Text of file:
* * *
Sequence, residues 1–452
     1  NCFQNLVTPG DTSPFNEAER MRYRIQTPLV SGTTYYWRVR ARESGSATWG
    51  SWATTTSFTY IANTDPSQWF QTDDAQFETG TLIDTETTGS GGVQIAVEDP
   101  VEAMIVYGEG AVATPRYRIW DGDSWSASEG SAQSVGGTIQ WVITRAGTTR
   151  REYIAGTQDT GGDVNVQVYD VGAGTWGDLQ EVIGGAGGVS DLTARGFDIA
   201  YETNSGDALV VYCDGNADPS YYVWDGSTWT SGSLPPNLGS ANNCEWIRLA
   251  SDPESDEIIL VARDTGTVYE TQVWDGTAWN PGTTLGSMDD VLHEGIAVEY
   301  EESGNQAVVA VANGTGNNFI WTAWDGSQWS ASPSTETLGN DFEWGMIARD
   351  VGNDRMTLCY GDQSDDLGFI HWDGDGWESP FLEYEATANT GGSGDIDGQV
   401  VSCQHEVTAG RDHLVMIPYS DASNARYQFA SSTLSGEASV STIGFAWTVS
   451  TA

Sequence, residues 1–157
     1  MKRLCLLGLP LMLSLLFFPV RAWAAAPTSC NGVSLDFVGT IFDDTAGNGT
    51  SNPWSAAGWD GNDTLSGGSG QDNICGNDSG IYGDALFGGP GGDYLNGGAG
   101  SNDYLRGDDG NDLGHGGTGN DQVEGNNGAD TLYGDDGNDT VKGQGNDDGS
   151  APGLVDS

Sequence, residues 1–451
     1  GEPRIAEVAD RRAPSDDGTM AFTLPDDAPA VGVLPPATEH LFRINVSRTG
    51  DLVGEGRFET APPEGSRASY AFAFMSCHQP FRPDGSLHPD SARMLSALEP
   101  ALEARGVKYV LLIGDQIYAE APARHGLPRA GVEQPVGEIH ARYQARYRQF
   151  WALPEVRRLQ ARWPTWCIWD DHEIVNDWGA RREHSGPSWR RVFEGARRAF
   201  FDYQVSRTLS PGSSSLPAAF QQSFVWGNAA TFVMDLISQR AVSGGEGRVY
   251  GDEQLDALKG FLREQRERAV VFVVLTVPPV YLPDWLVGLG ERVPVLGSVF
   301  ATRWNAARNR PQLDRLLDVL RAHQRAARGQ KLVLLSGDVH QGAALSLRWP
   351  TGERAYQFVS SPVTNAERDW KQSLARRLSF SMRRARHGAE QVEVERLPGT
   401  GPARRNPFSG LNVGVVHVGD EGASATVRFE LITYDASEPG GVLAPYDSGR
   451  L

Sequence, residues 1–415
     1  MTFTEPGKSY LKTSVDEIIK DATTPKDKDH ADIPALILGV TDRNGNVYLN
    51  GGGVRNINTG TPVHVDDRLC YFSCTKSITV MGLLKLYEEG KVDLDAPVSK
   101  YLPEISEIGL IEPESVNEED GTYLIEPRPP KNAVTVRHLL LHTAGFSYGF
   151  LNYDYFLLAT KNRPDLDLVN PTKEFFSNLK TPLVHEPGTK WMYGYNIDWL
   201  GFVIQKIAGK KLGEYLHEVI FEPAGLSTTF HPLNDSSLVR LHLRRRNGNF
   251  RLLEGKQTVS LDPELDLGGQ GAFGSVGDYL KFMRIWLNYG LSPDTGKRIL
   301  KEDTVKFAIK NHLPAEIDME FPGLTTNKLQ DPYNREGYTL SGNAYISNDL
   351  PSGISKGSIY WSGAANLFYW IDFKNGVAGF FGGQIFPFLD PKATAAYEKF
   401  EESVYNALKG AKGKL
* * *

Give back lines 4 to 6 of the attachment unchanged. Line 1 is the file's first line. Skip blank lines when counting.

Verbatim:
   101  VEAMIVYGEG AVATPRYRIW DGDSWSASEG SAQSVGGTIQ WVITRAGTTR
   151  REYIAGTQDT GGDVNVQVYD VGAGTWGDLQ EVIGGAGGVS DLTARGFDIA
   201  YETNSGDALV VYCDGNADPS YYVWDGSTWT SGSLPPNLGS ANNCEWIRLA